The historic outcome of this year's election has reminded us that British politics is forever in a state of flux. The relative stability and predictability of the last sixty (and especially thirty) years is by no means the norm of our political tradition, as anyone familiar with nineteenth and early twentieth century politics will know. It's very possible that 2015 may be an even more exciting election year than 2010 and, given the political turmoil of that century, the coalition may leave a very Victorian legacy indeed.

Monday, 17 May 2010

Why support the Liberal Conservative coalition?

May 7 was an awful day for me. Having stayed up all night for the election results, my early hopes were dashed in the afternoon as word got out to our claustrophobic computer room at Norton College, Sheffield that the Lib Dems were in talks with Labour.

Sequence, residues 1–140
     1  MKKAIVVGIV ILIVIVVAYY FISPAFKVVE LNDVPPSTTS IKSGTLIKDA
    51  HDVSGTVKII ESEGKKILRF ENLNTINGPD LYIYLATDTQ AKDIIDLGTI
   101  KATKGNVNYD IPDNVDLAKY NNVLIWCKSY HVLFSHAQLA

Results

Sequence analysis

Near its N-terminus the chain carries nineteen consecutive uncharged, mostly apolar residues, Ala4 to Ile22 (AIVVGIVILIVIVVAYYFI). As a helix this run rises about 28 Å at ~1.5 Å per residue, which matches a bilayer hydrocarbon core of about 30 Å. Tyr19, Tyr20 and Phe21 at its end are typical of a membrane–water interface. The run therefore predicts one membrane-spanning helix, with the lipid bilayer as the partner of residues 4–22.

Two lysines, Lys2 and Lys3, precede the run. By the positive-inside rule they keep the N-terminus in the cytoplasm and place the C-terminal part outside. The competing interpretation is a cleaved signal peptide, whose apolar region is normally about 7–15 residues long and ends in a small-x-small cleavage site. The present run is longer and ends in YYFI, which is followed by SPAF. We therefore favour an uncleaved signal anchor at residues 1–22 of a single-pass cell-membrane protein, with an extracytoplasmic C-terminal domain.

The unreal possibility of Gordon Brown somehow clinging to power, hanging precipitously by his badly bitten fingernails for another five years in Mugabe-esque fashion was enough to make me consider moving to New Zealand.

I moped for the rest of the day in deep despair, mulling over and over in my head how this could possibly have happened in a democratic country. Suddenly I felt a thunderbolt of sympathy in my breast with all those multi-coloured revolutionaries who fought back against the betrayal of a stolen election.

So imagine my joy that evening as events so quickly unravelled, like dominoes tripped by a chance gust of righteous wind; Brown resigned and a formal Liberal Conservative coalition was announced within the hour.

Rejoice! Rejoice! Rejoice! (to quote Edward Heath) - for the first time since I was 11 years old there was a Tory at Number 10. Those two years of campaigning, of slogging from one end of Yorkshire to the other were not in vain.